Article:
My partner always tells me I’m the only one there for them. They don’t have a supportive home life or any friends besides me. I feel guilty spending time with other people or even just alone.
An important part of a relationship is being supportive to one another. However, that doesn’t mean that you should be each other’s only source of support. If your partner’s home life and friends don’t offer much support, they may be looking to you to fulfill every emotional need they have, which is unfair and unrealistic. You can address these issues with your partner by having a conversation and suggesting ways for them identify other sources of support. Online resources like Crisistextline.org could be helpful in this situation. They offer texting and online chat options for those in need. They can also help with feelings of depression, anxiety, suicide and more.

Another thing to be aware of is whether you feel that your partner is trying to isolate you from others. Do you feel like your partner is telling you that you are their only source of support in an effort to control you and who you hang out with? Do you feel obligated to help with their issues, instead of focusing on your own? Do they offer support to you when you need it? People who are abusive often find ways to control situations by making someone feel guilty and obligated to them. This is called “guilt tripping” and is a form of emotional abuse. This can be a warning sign of a greater issue. Check out our Types of Dating Violence chart for more information.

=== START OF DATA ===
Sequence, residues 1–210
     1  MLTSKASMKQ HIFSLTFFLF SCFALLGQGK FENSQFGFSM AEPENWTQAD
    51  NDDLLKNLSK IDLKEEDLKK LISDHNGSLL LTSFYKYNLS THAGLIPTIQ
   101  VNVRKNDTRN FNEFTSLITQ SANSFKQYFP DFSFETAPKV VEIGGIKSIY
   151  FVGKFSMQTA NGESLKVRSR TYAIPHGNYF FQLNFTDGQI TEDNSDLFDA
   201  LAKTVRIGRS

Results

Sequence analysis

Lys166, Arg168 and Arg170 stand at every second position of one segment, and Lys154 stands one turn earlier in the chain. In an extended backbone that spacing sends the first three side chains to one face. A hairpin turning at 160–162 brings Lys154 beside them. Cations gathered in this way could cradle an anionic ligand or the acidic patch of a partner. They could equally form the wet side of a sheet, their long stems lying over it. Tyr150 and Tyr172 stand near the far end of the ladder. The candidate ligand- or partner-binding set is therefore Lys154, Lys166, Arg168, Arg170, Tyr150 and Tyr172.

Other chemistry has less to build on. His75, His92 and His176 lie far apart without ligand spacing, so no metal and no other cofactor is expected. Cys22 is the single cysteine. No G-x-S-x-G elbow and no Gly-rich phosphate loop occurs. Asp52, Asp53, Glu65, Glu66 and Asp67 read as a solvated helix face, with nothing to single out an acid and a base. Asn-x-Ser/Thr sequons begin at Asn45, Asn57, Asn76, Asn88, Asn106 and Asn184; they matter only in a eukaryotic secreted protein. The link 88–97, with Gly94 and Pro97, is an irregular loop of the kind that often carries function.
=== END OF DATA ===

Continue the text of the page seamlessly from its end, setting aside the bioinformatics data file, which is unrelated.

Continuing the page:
I was assaulted but I was also using drugs and drinking while underage. I’m worried that reporting will only make my life worse.
First, being assaulted (even if you were using drugs or alcohol) is not your fault. This can be a very scary thing to go through, so please know that you are not alone, and STAR is here to help. Being intoxicated does not give someone permission to harm you. Typically, in these cases, you will not face charges for drinking or using drugs; instead, law enforcement and medical staff are concerned with ensuring that you are safe and that the person who assaulted you is brought to justice. If you have questions about what your options are for reporting and getting help, contact our hotline at 1-855-435-STAR. It is important to note that STAR advocates are legally mandated to report the assault of any individuals under the age of 18.
My partner and I sometimes have sex when we’re drunk. We are both still awake and aware, but is this a bad idea?